Many years ago, as we approached Ash Wednesday, someone commented to a member about the day, "is that where you go to church and get that sh*t smeared on your forehead?" It is truly sad that this is the sum total of the person-in-question's knowledge of what this day is. Seems to me that if we had a better collective understanding of the day itself, it would go a long way toward helping to heal the divide among certain segments of our population.
The day itself: a day of penitence and fasting, derives from the most ancient of practices in the Old Testament (thereby providing yet another direct link between the Old and New Testaments, making the Old VERY relevant today still). Ashes were also a sign of humility and repentance out of the Old Testament, thereby providing the symbolic meaning for us today, which goes from symbolic to the reality of the individual penitent who has received the imposition of ashes. Ash, or dust, drives home the reality for us that we are all mortal and finite. As the first human parents are told in the garden, "remember that you are dust, and to dust you shall return." (Genesis 3:19). We all return to dust upon death, as the sum total of our physical existence breaks down, becomes food for other organisms, and returns to the dust from which it came. in other words, the very foundation of Ash Wednesday is found in human existence: birth, sin, and death itself.
Abraham's own view and humility before God includes him recounting, "I am nothing but dust and ashes." (Genesis 18:27) The placement of ashes upon the head of a person was associated with a sign of repentance and humility in the face of sin and suffering (cf. 2 Samuel 13:19). Job, upon recognizing his own place before God (that God was God and he was not), replied, "Surely I spoke of things I did not understand, things too wonderful for me to know.... ...Therefore I despise myself and repent in dust and ashes." (Job 42:3, 6) The prophet Jeremiah, among others, calls for a return to God, in humility and repentance for having turned away from him, with the call to "put on sackcloth and roll in ashes; mourn with bitter wailing as for an only son." (Jeremiah 6:26).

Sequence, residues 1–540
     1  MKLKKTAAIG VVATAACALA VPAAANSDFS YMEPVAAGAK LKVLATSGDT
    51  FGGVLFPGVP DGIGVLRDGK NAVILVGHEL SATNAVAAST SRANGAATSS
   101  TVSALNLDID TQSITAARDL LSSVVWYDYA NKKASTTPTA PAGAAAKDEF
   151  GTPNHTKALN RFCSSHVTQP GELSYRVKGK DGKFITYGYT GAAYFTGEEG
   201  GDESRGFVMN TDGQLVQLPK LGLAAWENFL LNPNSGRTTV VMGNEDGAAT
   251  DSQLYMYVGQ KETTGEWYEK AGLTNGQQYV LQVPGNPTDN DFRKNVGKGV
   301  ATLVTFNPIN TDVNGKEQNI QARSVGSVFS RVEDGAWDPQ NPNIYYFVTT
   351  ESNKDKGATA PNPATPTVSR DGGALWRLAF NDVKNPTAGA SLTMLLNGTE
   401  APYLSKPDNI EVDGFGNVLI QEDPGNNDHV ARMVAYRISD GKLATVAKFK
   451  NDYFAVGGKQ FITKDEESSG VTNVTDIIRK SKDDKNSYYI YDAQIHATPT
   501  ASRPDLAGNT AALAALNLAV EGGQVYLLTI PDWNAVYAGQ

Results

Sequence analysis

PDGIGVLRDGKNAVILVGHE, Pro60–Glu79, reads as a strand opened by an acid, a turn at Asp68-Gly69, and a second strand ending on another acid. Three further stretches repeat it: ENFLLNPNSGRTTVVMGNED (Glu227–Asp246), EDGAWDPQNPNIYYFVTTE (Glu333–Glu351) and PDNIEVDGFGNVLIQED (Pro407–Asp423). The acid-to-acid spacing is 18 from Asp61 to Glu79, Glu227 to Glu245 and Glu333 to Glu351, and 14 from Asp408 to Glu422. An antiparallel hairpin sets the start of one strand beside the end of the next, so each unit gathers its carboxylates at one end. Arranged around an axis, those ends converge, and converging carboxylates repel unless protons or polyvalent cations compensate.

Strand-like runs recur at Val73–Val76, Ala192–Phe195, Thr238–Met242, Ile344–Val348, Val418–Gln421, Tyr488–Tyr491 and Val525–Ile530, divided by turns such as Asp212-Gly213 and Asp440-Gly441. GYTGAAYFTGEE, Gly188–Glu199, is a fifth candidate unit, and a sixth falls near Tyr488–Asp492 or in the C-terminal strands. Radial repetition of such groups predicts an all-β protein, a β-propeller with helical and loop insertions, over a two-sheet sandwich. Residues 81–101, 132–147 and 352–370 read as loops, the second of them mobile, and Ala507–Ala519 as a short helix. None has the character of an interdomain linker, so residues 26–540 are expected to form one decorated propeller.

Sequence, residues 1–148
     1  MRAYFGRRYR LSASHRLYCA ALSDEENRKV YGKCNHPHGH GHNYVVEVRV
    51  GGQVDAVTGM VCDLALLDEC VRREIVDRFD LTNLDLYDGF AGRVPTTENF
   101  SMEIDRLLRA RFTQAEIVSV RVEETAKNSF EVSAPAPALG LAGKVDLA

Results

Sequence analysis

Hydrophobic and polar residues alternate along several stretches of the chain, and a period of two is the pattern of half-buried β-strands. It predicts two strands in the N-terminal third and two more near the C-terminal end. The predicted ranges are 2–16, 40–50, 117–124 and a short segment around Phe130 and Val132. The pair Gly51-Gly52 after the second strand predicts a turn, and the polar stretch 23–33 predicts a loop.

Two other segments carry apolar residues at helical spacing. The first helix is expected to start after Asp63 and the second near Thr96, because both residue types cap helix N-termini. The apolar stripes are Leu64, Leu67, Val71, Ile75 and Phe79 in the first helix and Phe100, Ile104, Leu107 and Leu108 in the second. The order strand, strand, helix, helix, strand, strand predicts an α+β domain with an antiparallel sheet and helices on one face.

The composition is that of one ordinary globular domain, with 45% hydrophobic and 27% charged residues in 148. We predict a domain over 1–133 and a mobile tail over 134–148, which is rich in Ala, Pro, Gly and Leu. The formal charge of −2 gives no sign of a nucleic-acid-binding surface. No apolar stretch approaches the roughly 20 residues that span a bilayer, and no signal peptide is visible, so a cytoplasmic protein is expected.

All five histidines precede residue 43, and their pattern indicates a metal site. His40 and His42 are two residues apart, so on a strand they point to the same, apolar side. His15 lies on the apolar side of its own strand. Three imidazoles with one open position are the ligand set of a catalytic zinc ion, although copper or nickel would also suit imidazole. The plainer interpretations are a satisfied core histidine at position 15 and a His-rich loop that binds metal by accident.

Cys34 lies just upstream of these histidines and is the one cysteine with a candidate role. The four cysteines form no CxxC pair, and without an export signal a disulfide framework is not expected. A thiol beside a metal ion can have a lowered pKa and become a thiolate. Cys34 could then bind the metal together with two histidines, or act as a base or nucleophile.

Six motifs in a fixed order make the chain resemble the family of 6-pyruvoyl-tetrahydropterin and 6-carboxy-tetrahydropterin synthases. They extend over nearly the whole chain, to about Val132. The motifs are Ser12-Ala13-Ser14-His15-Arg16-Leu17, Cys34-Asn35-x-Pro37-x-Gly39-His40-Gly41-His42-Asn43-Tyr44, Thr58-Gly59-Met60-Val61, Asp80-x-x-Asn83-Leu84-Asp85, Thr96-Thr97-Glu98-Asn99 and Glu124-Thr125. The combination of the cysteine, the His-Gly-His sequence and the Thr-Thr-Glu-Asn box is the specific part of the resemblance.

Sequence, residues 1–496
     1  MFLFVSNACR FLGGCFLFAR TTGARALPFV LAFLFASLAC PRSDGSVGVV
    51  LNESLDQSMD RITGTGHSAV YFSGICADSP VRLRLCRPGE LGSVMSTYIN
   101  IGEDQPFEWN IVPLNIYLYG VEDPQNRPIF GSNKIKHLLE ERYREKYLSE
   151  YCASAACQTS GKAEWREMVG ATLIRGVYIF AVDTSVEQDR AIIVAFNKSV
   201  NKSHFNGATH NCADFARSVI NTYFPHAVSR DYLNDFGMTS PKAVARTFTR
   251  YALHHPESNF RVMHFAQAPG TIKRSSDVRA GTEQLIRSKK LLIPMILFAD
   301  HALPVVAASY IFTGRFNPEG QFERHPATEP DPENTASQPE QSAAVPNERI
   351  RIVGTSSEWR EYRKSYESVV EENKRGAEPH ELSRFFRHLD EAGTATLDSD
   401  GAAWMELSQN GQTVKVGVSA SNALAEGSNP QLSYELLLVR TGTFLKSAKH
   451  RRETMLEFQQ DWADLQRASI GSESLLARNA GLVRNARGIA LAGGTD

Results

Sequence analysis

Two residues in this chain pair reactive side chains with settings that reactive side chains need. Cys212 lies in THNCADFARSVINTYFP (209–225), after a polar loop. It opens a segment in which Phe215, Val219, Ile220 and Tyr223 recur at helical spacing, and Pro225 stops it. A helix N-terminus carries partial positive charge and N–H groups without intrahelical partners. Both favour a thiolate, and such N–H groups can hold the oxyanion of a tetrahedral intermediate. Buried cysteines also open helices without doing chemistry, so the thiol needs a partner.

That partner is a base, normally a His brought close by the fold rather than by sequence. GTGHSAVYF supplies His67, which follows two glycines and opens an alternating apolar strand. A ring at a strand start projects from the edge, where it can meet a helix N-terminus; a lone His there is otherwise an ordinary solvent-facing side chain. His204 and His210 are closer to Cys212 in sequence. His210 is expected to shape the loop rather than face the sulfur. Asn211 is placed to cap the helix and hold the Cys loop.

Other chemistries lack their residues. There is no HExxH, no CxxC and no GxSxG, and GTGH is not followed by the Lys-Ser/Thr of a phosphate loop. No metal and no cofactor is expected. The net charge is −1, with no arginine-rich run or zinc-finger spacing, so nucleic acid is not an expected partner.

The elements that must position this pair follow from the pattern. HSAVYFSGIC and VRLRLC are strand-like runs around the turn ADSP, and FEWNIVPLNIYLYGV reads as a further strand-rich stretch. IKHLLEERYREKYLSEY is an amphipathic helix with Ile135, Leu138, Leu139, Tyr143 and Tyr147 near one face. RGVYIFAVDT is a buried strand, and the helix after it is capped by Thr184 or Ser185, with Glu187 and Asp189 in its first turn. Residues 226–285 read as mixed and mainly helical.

So within this framework of humility and repentance before God, dating back to the very beginning, we too mark the beginning of the season of Lent with this day: Ash Wednesday. It is the season that recalls our own unworthiness before God because of sin, culminating with God's solution as a part of His divine plan: The coming of, the ministry of, the passion and death of, and the resurrection of the Messiah. Tying us into this eternal reminder, the palms from the previous year's Holy Week are burned to create the ashes that remind us of our own mortality and unworthiness before God.
Whether you observe this day or not: May you recall these things, for they are true of us all. May we all recognize our own mortality and unworthiness before God, and may it inspire us to once again return to God, our maker and redeemer. May we recognize the absolute and sovereign truth of God's Word, which includes the very essence of what human existence entails: our mortality and unworthiness to be in God's presence. May we recognize again the great gift of God in the mercy and grace extended to us in spite of our mortality and unworthiness, that comes to us through Christ Jesus our Lord and Savior.